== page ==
Facebook's Oculus VR headset. Photo: Amy Osborne / AFP / Getty

Facebook announced Monday that it will buy CTRL-Labs, a startup developing an arm-worn device that reads brain signals. The companies did not disclose the deal's price tag, but reports range from upwards of $500 million to as much as $1 billion.

Why it matters: Facebook has been developing its own brain–machine interface for several years, but this is a major acquisition that could propel its technology quickly forward — and in a way that's potentially less invasive of users' privacy.

Details: CTRL-Labs will join Facebook's Reality Labs division, and will drive new ways of interacting with virtual worlds, Facebook VP Andrew Bosworth wrote on Monday.

  • The startup has been developing wrist-worn devices that can read brain signals from nerves in the arm. It can tell, for example, if you are about to move a finger, but don't move it.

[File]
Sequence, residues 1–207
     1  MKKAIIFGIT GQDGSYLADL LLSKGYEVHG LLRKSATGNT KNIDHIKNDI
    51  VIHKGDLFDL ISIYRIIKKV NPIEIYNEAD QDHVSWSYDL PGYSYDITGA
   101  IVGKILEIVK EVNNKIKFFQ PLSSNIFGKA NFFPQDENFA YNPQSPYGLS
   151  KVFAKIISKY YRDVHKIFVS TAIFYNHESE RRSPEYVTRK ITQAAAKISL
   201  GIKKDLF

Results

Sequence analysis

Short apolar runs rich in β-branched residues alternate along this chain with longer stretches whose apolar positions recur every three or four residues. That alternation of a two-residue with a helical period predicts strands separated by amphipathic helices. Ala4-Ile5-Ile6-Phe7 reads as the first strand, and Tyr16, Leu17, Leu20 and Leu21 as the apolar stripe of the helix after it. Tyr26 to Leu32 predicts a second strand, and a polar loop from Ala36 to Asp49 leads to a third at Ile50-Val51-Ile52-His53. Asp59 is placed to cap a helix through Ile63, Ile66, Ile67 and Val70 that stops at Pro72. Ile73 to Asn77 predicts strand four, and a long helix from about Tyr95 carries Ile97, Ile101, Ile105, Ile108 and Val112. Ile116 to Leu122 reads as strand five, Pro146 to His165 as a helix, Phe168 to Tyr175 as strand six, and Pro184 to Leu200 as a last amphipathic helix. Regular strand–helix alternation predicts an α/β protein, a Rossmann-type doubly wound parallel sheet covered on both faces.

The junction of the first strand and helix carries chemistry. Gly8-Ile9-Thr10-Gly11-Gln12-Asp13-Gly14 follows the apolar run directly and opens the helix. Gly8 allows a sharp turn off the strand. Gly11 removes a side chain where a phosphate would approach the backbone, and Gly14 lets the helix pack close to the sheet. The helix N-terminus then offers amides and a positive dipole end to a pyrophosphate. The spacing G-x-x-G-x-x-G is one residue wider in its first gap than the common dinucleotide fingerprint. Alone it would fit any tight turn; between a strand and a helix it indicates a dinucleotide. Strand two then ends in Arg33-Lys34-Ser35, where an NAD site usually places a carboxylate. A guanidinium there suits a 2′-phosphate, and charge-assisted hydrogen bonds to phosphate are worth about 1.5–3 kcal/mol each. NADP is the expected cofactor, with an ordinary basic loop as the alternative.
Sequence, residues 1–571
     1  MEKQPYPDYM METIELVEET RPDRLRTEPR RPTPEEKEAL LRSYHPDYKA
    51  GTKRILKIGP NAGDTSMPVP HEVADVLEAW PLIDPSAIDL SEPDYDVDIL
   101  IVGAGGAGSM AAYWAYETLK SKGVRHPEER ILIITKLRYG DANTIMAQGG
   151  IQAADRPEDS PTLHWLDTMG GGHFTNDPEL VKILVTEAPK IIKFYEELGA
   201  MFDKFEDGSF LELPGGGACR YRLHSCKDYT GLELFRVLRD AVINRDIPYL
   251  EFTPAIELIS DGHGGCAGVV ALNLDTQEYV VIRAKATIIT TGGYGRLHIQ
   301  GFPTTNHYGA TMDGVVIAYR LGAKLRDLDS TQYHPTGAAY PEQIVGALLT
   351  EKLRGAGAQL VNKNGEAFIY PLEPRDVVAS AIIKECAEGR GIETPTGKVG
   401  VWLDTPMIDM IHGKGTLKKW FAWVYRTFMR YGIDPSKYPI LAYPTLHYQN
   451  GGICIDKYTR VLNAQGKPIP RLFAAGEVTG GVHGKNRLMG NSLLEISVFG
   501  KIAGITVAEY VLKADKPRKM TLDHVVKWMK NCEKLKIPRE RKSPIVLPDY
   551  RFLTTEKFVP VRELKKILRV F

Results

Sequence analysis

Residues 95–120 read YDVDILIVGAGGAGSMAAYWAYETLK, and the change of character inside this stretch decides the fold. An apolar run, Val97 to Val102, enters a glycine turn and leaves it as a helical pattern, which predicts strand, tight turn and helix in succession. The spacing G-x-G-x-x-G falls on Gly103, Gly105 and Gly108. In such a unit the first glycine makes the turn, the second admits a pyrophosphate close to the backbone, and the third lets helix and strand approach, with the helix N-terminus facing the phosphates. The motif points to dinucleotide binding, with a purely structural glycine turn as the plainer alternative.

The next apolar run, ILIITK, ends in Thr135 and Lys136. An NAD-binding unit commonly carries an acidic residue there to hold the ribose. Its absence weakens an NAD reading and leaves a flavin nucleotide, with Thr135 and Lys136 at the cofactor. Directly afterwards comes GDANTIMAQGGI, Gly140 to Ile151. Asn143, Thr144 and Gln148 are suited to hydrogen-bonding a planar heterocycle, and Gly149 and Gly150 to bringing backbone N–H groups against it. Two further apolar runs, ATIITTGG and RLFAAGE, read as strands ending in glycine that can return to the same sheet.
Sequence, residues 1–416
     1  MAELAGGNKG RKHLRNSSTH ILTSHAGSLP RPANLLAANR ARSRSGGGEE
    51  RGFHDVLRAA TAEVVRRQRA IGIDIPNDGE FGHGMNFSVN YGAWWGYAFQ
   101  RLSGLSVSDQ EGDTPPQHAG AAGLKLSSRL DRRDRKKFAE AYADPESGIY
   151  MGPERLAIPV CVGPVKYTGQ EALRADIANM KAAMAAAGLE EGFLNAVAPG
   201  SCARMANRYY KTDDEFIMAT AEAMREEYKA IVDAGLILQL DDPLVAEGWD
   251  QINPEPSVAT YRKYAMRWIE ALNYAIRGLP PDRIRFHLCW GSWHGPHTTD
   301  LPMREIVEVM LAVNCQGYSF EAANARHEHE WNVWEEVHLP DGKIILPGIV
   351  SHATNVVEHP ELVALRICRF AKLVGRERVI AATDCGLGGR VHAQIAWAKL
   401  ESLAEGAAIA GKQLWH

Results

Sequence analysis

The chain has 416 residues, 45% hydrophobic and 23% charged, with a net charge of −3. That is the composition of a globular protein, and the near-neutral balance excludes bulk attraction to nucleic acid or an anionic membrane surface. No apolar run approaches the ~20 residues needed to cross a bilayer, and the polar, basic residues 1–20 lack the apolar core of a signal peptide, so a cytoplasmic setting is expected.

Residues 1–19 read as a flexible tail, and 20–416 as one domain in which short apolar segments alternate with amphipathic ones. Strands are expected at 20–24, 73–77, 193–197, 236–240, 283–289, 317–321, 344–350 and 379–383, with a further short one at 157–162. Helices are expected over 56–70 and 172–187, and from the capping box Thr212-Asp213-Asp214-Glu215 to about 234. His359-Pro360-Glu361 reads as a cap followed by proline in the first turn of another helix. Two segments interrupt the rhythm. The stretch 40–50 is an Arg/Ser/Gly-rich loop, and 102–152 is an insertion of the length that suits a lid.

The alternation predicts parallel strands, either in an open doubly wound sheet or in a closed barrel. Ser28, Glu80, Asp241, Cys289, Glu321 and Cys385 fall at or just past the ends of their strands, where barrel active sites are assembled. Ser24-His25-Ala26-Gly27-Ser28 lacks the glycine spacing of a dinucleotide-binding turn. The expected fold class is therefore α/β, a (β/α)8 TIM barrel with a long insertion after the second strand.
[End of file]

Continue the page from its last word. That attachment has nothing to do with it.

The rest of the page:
• As Facebook's Bosworth described it: "It captures your intention so you can share a photo with a friend using an imperceptible movement or just by, well, intending to."

CTRL-Labs founder Thomas Reardon told Axios in an August interview that his company had already begun making some devices available to developers and academic researchers, in hopes of "beginning a new platform wave."

  • "In my dream, people feel frustrated when they take off the band," Reardon said.
  • While the device can pick up a decision to move, it can't decipher higher-level thoughts from your head.
  • That's unlike a different strain of technology that Facebook is working on: head-mounted devices that it says will allow users to do things like type with their thoughts.

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